The objective of this activity is to learn the importance wetlands serve as filtration systems to ecosystems, and for participants to design their own science experiment using creative processes and deductive reasoning to illustrate scientific ecological principles.
Wetlands serve as a natural filtering system, sifting sediments out of the water and recycling nutrients back into the ecosystem. Characteristics of a wetland include annual flood and drought cycles, high amounts of moisture in the soil, and resident plant communities preferring moist environments.
The wetland filtration process works like this: water slows down when it hits a wetland, allowing sediments to flow out of the water and stick to the bottom, while at the same time wetland plants trap suspended sediments and solids in the water. This not only helps slow down erosion, it also prevents waterways from getting clogged with sediments.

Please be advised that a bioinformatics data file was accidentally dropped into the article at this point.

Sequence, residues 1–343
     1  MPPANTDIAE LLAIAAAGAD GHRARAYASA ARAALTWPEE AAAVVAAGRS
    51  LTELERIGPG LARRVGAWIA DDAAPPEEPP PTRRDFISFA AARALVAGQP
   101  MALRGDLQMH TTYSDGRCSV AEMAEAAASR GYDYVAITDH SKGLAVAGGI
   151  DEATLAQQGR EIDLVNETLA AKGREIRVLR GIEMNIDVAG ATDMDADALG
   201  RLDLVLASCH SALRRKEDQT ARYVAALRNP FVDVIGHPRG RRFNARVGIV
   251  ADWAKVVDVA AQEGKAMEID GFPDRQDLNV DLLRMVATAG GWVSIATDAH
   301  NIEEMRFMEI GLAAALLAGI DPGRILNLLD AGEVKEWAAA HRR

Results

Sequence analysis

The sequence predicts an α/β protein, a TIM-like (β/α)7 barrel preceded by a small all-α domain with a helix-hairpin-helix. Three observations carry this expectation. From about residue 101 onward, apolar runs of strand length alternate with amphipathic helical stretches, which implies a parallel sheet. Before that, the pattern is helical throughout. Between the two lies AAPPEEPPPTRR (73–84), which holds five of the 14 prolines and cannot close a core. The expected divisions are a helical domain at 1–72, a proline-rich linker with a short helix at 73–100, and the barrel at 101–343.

When excess nutrients flow into waterways, they often form algal blooms, turning waterways green and killing aquatic plants and animals. However, when excess nutrients flow into wetlands, they are filtered out of the water and recycled, causing the exiting water to be cleaner than when it first entered the wetland. Many wetland plants absorb the nutrients and use them themselves. There are also numerous microorganisms, like bacteria, that convert water-soluble forms of nutrients to inactive forms used in everyday activities – for example excess nitrogen from fertilizers can be converted into inactive nitrogen in the air that we breathe.
Plan a science project to exhibit a wetland filtration system or a nutrient conversion process.
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